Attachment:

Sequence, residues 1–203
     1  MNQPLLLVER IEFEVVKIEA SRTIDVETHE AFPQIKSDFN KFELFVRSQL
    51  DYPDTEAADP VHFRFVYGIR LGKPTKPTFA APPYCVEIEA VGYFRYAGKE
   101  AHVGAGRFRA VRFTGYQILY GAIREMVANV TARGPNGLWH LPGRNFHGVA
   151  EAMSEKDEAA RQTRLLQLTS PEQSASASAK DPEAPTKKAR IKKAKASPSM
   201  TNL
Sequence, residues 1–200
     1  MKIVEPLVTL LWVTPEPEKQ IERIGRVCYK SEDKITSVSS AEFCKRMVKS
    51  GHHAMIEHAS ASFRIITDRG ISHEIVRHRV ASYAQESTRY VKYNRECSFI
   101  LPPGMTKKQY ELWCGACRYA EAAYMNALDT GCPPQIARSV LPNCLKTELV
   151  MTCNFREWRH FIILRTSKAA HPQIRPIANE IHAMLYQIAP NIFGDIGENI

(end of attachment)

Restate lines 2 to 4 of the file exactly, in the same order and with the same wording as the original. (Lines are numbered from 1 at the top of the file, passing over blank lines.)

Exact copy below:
     1  MNQPLLLVER IEFEVVKIEA SRTIDVETHE AFPQIKSDFN KFELFVRSQL
    51  DYPDTEAADP VHFRFVYGIR LGKPTKPTFA APPYCVEIEA VGYFRYAGKE
   101  AHVGAGRFRA VRFTGYQILY GAIREMVANV TARGPNGLWH LPGRNFHGVA